The EU is still in the wound-healing period, and has not yet walked out of the shadow of the veto of the EU Constitution. The big powers in Europe have also encountered difficulties. British Prime Minister Tony Blair’s political life will soon come to an end. With the new chancellor in Germany, Angela Merkel, the government is experiencing readjustments in both domestic and foreign policies.
  For Japanese Prime Minister Junichiro Koizumi, who is leaving office later this year, the meeting was a farewell.
  Meanwhile, high oil prices will seriously affect the world economy, and the Doha round of trade talks is deadlocked. The Iraqi situation is worrisome and the Afghan situation is still in turmoil. As the Iranian nuclear crisis continues, North Korea test fired its missiles. The changing factors in Northeast Asia are increasing, and terrorist activities still happen from time to time. Thus, the summit was held under such a complicated and quickly changing situation.
  Another noteworthy tendency is that relations between Russia, the EU and the United States recently have had more twists and turns. Before the summit, the United States and the EU both criticized Russia and questioned its status as a “presidential” state, in which more power seems to be accruing to the president.
  President Vladimir Putin chatted with netizens around the world to get better acquainted with the people. In fact, in Russia, people still haven’t completely shrugged off the feeling of being “second-class citizens” in the G-8, and hoped this chance to play host could make the country a real member.   But the Western countries haven’t completely recognized Russia and it is a difficult process to meld into this powerful club. In May, U.S. Vice President Dick Cheney criticized Russia. On June 25, a British think tank issued a report saying Russia has not yet reached the club’s standard either in politics or the economy, and Russia’s status as a presidential state would harm the credibility of the group.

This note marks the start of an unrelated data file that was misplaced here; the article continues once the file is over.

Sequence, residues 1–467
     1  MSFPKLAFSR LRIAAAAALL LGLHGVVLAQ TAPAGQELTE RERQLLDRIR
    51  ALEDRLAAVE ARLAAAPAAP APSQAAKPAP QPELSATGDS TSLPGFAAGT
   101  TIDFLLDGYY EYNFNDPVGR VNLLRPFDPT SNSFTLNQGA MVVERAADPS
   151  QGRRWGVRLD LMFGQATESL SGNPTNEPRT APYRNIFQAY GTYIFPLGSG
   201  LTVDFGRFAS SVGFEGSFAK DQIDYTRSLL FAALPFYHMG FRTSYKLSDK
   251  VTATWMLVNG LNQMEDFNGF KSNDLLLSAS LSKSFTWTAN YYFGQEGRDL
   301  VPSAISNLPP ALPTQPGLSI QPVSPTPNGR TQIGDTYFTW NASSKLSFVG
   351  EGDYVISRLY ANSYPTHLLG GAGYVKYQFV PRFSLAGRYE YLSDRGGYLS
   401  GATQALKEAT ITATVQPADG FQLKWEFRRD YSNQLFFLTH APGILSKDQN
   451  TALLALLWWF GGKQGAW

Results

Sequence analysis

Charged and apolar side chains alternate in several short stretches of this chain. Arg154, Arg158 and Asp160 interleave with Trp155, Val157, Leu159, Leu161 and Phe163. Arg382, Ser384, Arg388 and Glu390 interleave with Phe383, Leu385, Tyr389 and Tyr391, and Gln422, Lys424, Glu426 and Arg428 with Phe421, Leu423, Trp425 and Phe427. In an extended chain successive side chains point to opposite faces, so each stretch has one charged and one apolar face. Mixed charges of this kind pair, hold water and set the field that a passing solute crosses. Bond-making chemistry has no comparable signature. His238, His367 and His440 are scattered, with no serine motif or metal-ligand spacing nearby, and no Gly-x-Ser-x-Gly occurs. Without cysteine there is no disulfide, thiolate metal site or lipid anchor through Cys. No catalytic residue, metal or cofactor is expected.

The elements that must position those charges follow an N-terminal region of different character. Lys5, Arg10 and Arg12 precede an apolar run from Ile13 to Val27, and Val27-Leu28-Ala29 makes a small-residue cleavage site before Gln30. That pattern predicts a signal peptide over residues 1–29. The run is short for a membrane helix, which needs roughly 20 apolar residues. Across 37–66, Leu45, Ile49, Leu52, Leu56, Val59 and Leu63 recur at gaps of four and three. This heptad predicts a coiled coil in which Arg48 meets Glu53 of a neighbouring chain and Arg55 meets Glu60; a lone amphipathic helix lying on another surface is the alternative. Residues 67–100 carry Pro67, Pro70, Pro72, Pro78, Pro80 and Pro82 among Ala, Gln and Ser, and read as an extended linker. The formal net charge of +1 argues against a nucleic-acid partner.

Western countries also worry that Russia, a major oil exporter, will wield the “energy weapon” to improve its status in dealing with the West. The United States and the EU are coordinating a bit in jointly dealing with Russia. However, Russia has been very active in its diplomacy. For example, it invited Hamas, the militant group that heads the Palestinian Government, to visit Moscow. Meanwhile, it kept a distance from the West on the Iranian nuclear issue and had frictions over energy, the economy and trade with the West.
  This year’s G-8 summit also addressed the world economic situation. UN Secretary General Kofi Annan has written to G-8 leaders calling on them to take measures to promote world trade liberalization, global energy security and the Doha round of trade talks. Energy security was an important topic during the summit. Energy cooperation has become an important factor that influences the development of the international situation. The summit also explored the issue of strengthening strategic cooperation in energy, including a guarantee for global energy supply, consumption and security across borders. In addition, antiterrorism, prevention of epidemics and development assistance were discussed.
  In recent years, the G-8 has received more and more criticism from around the world. On one hand, the group has tried to monopolize international affairs, and its agenda has expanded from discussing the world economy to politics and security. On the other hand, its representation in global governance is not sufficient, so its authoritativeness is decreasing.
  In order to resolve these issues, the G-8 countries began to readjust the group’s functions and started to consolidate its foreign relations. One of the key points is to expand talks with developing countries. Since the late 1990s, the G-8 has strengthened its dialogue with developing countries. In recent years, during the summit, there has been a special conference site for dialogues between the G-8 and developing countries. Such a mechanism aims to improve the G-8’s authoritativeness and representation in dealing with global economic, political and non-traditional security areas.